Monday, August 22, 2011

Heroes of the War of 1812 - Thomas Masterman Hardy

Sir George Cranfield Berkeley
You will recall the account of the infamous affair of the Chesapeake and the Leopard that occurred in late June of 1807, where Captain Humphreys of the HMS Leopard fired on the Chesapeake before she had a chance to clear for action, killing three American sailors. You will recall that this was done on the orders of the arrogant Sir George Cranfield Berkeley, commander-in-chief of the British North American Station. What you may not know is that Sir George had a beautiful, high-born, spoiled, self-centered daughter named Louisa. Her uncle was the fifth Earl of Berkeley. Her brother was the Duke of Richmond.

Lady Louisa Berkeley
Captain Thomas Masterman Hardy met this young woman in Halifax when she was nineteen and he was forty, a hero of the Battle of Trafalgar, and he courted her, because he was a rich man and a newly-made baronet as a result of his naval endeavors and it was time he married and begot an heir to the title. He had been at sea for half his childhood and all of his adult life. At Trafalgar he was Admiral Lord Nelson's flag captain aboard the Victory. Steady, intelligent, wise in the ways of the sea and fighting ships, Hardy was not greatly different in temperament from the fictional Captain Aubrey of Patrick O'Brian's sea stories. He was not literary, witty, or romantic. He was not a smart Regency buck of the sort that Louisa preferred.

Sir Thomas Masterman Hardy, Baronet

But there were no smart Regency bucks in Halifax; they were all far away in London. Hardy, if he wasn't smart in the sense of Society, was at least a great hero. And so on November 17th, 1807, they were married.

Berkeley was recalled to England as a result of American complaints about the Chesapeake-Leopard affair, although the English felt that it served the Americans right. Hardy put to sea in the Triumph to cruise the Bay of Chesapeake, walking on eggs, as it were, to avoid offending the Americans further. He never knew when the Americans might take it into their heads to attack, and so the stoves on board the Triumph were never lit, even in his cabin, where his poor bride sat alone and shivering. Some honeymoon.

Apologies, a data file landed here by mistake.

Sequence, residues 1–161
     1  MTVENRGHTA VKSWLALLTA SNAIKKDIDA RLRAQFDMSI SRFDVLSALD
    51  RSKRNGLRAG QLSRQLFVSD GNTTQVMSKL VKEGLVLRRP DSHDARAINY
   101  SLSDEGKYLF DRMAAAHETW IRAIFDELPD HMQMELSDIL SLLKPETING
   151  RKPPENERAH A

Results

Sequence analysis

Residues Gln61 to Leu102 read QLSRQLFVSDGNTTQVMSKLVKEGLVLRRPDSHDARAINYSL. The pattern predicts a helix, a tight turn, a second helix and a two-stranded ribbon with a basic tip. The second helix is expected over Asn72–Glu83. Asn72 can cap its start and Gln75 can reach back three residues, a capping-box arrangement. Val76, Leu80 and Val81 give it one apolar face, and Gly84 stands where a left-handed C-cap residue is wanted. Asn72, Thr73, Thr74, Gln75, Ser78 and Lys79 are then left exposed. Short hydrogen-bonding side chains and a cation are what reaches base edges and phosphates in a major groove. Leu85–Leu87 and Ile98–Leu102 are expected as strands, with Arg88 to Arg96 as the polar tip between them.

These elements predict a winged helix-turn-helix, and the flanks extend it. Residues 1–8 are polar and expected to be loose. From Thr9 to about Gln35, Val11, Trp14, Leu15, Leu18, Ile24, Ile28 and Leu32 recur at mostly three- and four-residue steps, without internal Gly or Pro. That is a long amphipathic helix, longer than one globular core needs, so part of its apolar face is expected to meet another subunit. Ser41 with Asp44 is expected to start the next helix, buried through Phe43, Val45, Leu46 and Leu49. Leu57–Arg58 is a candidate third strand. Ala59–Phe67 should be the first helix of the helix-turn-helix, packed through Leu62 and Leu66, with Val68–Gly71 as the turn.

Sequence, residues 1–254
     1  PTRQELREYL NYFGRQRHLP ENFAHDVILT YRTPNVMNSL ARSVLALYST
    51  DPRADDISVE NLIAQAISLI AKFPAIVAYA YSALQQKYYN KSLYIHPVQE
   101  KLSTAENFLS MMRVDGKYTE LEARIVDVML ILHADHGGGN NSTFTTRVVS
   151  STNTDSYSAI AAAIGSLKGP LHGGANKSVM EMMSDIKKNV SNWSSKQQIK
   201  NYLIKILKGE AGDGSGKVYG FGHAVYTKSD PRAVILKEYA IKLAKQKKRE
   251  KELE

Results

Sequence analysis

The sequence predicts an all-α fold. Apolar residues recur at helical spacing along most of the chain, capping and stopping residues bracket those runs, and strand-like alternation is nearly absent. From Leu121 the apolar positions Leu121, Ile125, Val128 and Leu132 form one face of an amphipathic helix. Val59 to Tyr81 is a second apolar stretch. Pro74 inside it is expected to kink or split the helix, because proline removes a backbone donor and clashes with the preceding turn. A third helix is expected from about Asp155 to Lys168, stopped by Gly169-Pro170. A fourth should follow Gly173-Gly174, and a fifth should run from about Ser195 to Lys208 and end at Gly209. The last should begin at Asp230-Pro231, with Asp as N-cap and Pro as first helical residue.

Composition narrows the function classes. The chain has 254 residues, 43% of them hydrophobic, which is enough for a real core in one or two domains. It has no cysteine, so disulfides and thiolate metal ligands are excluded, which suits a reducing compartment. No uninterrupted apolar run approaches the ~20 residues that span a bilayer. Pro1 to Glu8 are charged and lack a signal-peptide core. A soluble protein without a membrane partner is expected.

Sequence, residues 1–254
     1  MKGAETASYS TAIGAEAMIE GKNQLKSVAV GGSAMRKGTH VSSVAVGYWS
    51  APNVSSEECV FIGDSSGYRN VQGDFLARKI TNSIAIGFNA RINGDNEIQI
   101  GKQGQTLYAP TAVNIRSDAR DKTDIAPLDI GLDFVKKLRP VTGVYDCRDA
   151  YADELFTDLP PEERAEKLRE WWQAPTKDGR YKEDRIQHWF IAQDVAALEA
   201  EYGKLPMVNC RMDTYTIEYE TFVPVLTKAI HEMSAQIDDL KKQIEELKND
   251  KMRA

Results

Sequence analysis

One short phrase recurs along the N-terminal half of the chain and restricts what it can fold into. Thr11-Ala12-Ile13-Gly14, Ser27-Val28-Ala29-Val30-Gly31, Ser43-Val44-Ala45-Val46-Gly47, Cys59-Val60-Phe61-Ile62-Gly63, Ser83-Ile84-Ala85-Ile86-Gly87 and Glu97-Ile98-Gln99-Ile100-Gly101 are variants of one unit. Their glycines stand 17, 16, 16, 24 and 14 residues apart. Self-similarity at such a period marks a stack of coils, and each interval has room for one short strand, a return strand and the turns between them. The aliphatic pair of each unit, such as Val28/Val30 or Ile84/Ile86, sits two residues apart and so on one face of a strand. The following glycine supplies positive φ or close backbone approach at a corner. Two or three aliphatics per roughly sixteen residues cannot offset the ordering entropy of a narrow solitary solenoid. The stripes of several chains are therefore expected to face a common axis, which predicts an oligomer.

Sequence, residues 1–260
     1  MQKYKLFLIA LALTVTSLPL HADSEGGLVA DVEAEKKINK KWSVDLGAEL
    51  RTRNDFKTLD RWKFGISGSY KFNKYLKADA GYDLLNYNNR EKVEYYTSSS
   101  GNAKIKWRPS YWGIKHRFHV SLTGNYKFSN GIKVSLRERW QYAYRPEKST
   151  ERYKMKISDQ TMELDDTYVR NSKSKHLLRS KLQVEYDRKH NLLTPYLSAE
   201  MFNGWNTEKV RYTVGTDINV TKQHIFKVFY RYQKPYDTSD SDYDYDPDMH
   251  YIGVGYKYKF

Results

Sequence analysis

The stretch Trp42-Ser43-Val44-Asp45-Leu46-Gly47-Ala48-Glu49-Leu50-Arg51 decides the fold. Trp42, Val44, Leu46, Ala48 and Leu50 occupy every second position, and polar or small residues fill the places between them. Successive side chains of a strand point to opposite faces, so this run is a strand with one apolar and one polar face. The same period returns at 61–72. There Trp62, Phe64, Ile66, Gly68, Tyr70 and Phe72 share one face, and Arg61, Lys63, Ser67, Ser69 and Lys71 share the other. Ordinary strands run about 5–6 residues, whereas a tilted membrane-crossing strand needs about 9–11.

She never forgave him.

All this and more can be found in a book written by one of their descendants, John Gore, who admired her more than I do: Nelson's Hardy and his Wife.

Tuesday, August 16, 2011

THE BRINK OF FAME Was Released Today

It has nothing to do with the War of 1812, but instead is a book about Hollywood in 1914. Still, you might enjoy it.

Monday, August 15, 2011

The War of 1812 – Yippee! Games!

A number of entities, including the U. S. Park Service, are gearing up for the War of 1812 bicentennial by making video games out of the various events. YouTube advertisements for their efforts have stimulated profane and hostile nationalistic rants in the comments section by flame war trolls whose ancestors were dodging the draft in the potato fields of Eastern Europe in 1812 (unlike mine, who were dodging the draft in the woods of Canada – Oh, yes, and one by the name of Boyd who was a doctor on a British hospital ship in the Mediterranean during the conflict). Ignore the inane remarks and enjoy the tantalizing videos. War can be fun, if you don't get sucked into the hostility.

Sunday, August 7, 2011

Partisan American Politics and the War of 1812

If you can imagine it, the United States was deeply divided in 1812 along party lines. The parties were the Federalists, based mainly in the Northeast and favorably disposed toward Britain, and the Republicans, who were mostly Southerners, unfavorably disposed toward Britain and keen to go to war on the Northern border. The president, James Madison, was a Republican and a Virginian, the anointed heir of Thomas Jefferson, who was president before him. They thought that going to war was a swell idea, even though Jefferson and  the Republicans had been instrumental in dismantling the standing army (standing armies could not be trusted, and cost money) and also the navy (same deal). It was Jefferson who said that the taking of Canada would be a "mere matter of marching." Nobody ever asked him what the Canadians would be doing while the Americans were marching.

At last the irritations of rampaging Indians and forcible impressment of American seamen, to say nothing of the lust for Canadian land, became too much to bear, and Madison declared war. Here's how the legislative branch voted on the declaration: